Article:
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Re: [NTO] [FUN] Can you read this?

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  • loro
    ... That reminds me of something strange that happened to both me and a friend of mine. Here in Sweden foreign movies normally get subtitles, the exception
    Message 1 of 13 , Nov 1, 2008
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      Gerard Huijing wrote:
      >I wonder what would happen if you first told people that this was the
      >English as it was spoken in, say, the time of King Alfred. :-)

      That reminds me of something strange that happened to both me and a
      friend of mine. Here in Sweden foreign movies normally get subtitles,
      the exception being films for young children that are dubbed for
      obvious reasons.

      My friend and I both liked Michael Ende's "Die Unendliche
      Geschichte", a fantasy novel of sorts. When the American screen
      adaption The Neverending Story, came, we went to see it.

      So there we were, two adults and 200 kids. The movie began and we
      couldn't hear a word they were saying, sounded like a drunken
      murmur. Realized there were no subtitles either. Both the sound and
      the subs were botched up and we really wanted to enjoy the movie -
      outrageous! After 10 minutes or se we started to get upset. The kids
      seemed to enjoy it anyway, but we didn't. We were about to hunt a
      responsible person down and demand things would be fixed when it
      dawned on us. Yeah, you guessed it. The movie was dubbed to Swedish
      and we didn't hear a words they were saying because we expected them
      to talk English. Oops!

      Still don't think it's a children's book. Grmpff.
      Lotta
    • Gerard Huijing
      ... I can sympathize. I once stood beside a young woman at a party, who speaks completely fluent Dutch without any foreign accent whatsoever (I think she was
      Message 2 of 13 , Nov 1, 2008
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        loro wrote:
        >
        >
        > Gerard Huijing wrote:
        > >I wonder what would happen if you first told people that this was the
        > >English as it was spoken in, say, the time of King Alfred. :-)
        >
        > That reminds me of something strange that happened to both me and a
        > friend of mine. Here in Sweden foreign movies normally get subtitles,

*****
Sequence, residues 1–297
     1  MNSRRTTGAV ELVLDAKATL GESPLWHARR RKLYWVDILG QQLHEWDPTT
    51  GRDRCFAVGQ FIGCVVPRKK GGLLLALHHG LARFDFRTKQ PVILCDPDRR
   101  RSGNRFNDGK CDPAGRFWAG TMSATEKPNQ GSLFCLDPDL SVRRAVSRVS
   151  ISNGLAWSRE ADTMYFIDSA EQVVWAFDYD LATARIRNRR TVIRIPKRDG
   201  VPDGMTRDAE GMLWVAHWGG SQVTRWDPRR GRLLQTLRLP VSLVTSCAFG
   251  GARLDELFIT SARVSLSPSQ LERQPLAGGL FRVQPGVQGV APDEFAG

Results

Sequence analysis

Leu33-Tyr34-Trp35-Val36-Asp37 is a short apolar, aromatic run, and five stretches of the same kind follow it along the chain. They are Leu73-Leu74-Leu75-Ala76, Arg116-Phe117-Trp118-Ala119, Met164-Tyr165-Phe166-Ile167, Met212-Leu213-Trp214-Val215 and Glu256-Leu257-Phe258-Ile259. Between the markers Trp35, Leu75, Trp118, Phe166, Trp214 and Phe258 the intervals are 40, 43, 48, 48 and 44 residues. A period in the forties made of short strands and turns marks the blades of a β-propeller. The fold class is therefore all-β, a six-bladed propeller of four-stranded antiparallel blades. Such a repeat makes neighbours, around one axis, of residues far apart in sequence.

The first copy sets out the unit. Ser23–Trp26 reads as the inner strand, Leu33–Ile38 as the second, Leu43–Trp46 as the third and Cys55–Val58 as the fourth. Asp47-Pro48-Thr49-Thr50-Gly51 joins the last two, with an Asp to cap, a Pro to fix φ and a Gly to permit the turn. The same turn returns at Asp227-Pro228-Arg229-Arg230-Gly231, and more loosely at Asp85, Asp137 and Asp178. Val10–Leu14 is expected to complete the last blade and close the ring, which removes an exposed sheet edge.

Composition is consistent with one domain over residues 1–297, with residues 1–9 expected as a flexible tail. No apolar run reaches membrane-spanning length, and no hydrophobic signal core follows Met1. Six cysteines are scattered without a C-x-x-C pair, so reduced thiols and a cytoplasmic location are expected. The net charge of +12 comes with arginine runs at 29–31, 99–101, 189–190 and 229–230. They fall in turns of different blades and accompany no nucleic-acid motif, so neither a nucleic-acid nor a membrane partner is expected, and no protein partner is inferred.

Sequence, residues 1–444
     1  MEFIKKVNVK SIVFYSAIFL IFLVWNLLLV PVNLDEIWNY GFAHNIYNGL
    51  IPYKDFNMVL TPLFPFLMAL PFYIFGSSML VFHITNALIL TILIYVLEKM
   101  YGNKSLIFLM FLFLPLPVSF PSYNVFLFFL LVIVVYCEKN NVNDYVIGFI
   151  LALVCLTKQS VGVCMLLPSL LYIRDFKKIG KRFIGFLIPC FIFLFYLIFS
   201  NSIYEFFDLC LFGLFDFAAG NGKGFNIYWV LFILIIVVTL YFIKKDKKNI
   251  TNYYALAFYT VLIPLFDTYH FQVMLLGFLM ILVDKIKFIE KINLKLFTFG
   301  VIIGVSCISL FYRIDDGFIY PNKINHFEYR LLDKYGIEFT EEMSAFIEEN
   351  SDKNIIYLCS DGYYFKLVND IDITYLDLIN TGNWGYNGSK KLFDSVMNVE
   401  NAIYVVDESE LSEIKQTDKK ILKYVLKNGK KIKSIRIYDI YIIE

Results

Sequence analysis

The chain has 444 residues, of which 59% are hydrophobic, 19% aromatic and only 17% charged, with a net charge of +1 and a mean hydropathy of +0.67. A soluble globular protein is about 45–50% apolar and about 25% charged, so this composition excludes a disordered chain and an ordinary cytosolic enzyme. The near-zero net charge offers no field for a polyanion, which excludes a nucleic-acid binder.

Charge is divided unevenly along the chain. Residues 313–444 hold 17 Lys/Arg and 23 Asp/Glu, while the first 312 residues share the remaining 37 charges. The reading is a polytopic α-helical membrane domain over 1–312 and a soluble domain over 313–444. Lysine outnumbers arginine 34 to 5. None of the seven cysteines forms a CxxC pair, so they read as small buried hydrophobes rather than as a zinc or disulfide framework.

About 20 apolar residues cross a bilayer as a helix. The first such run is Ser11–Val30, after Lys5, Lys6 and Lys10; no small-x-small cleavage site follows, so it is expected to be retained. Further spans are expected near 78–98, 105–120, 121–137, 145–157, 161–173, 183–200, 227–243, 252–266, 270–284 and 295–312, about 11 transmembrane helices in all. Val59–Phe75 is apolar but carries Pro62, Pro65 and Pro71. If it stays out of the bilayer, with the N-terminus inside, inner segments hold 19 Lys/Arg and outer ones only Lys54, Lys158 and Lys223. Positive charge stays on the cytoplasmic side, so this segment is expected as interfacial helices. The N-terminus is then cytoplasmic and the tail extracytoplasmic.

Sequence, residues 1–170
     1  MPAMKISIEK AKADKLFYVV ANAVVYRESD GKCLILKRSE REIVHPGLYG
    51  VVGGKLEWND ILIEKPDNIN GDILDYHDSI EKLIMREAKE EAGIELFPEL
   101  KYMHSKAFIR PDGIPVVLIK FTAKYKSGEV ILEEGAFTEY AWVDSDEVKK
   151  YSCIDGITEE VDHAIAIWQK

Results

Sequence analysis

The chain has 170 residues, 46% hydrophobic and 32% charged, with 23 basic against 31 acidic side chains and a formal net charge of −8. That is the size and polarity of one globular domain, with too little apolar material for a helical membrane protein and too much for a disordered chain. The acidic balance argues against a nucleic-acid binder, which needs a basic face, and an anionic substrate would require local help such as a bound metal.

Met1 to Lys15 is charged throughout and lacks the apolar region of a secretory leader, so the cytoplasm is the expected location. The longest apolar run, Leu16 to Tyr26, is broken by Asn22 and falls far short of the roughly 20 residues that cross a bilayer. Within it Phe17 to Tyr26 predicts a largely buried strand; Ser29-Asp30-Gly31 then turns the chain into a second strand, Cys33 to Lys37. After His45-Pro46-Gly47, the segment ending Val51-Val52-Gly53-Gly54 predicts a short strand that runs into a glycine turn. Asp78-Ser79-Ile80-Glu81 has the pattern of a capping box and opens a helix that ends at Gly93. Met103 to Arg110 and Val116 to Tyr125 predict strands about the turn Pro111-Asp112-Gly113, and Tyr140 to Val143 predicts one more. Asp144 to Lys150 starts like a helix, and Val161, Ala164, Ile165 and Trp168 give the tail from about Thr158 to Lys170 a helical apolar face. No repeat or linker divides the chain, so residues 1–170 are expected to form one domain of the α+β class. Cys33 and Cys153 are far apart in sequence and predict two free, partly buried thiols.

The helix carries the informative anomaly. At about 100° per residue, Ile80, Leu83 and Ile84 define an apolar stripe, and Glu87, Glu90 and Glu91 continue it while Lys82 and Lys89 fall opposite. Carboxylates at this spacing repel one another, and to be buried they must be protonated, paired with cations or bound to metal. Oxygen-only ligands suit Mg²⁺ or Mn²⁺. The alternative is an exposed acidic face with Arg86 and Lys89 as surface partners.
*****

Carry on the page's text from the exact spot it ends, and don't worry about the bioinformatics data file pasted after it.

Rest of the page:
> the exception being films for young children that are dubbed for
        > obvious reasons.
        >
        > My friend and I both liked Michael Ende's "Die Unendliche
        > Geschichte", a fantasy novel of sorts. When the American screen
        > adaption The Neverending Story, came, we went to see it.
        >
        > So there we were, two adults and 200 kids. The movie began and we
        > couldn't hear a word they were saying, sounded like a drunken
        > murmur. Realized there were no subtitles either. Both the sound and
        > the subs were botched up and we really wanted to enjoy the movie -
        > outrageous! After 10 minutes or se we started to get upset. The kids
        > seemed to enjoy it anyway, but we didn't. We were about to hunt a
        > responsible person down and demand things would be fixed when it
        > dawned on us. Yeah, you guessed it. The movie was dubbed to Swedish
        > and we didn't hear a words they were saying because we expected them
        > to talk English. Oops!
        >
        > Still don't think it's a children's book. Grmpff.
        > Lotta

        I can sympathize. I once stood beside a young woman at a party, who
        speaks completely fluent Dutch without any foreign accent whatsoever (I
        think she was raised in Holland but I do not know if she was born
        there), and she was having a conversation with some older people. It
        sounded so weird that I thought she was was paralytically drunk, until I
        realized that she was speaking Armenian to her parents!

        But to return to the spelling stuff. I found it very strange to read
        that the Cambridge study revealed that no less than 55% did *not*
        understand it.
        I myself spotted what was wrong without detecting and describing the
        algorithm, so to speak.
        I bet others (programmers? mathematicians?) work exactly the other way
        round.
        How on earth does this all work in the brain?
        I bet my boots Wittgenstein has something about that, somewhere.

        Cheers,
        Gerard

        --
        Gerard (E.G.P.) Huijing
        2312 ZD Leiden
        Netherlands
        inboxgen@...
      • Axel Berger
        ... That s one I know well, You have no clue while your mind tries to parse the wrong language. I once heard physics lectures by a Chinese professor with, for
        Message 3 of 13 , Nov 2, 2008
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          loro wrote:
          > and we didn't hear a words they were saying because we expected them
          > to talk English.

          That's one I know well, You have no clue while your mind tries to parse
          the wrong language. I once heard physics lectures by a Chinese professor
          with, for one reason or another, a Dutch accent. Whenever a word eluded
          him he seamlessly switched from German with a Dutch accent into English
          with a Dutch accent. It was absolutely perfect English and quite easy to
          understand, but until I caught on it was pure gobbledegook to me.
          Happened every time and hardly got better during the semester.

          Axel
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